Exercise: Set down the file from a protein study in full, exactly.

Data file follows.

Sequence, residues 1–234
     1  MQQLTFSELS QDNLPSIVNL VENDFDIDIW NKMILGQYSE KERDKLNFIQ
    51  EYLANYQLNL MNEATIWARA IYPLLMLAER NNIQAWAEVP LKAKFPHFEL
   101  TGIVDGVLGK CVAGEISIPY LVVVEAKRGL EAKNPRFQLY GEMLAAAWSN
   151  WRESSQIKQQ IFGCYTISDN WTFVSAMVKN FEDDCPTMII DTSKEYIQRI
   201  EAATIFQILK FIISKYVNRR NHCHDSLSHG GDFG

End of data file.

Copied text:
Sequence, residues 1–234
     1  MQQLTFSELS QDNLPSIVNL VENDFDIDIW NKMILGQYSE KERDKLNFIQ
    51  EYLANYQLNL MNEATIWARA IYPLLMLAER NNIQAWAEVP LKAKFPHFEL
   101  TGIVDGVLGK CVAGEISIPY LVVVEAKRGL EAKNPRFQLY GEMLAAAWSN
   151  WRESSQIKQQ IFGCYTISDN WTFVSAMVKN FEDDCPTMII DTSKEYIQRI
   201  EAATIFQILK FIISKYVNRR NHCHDSLSHG GDFG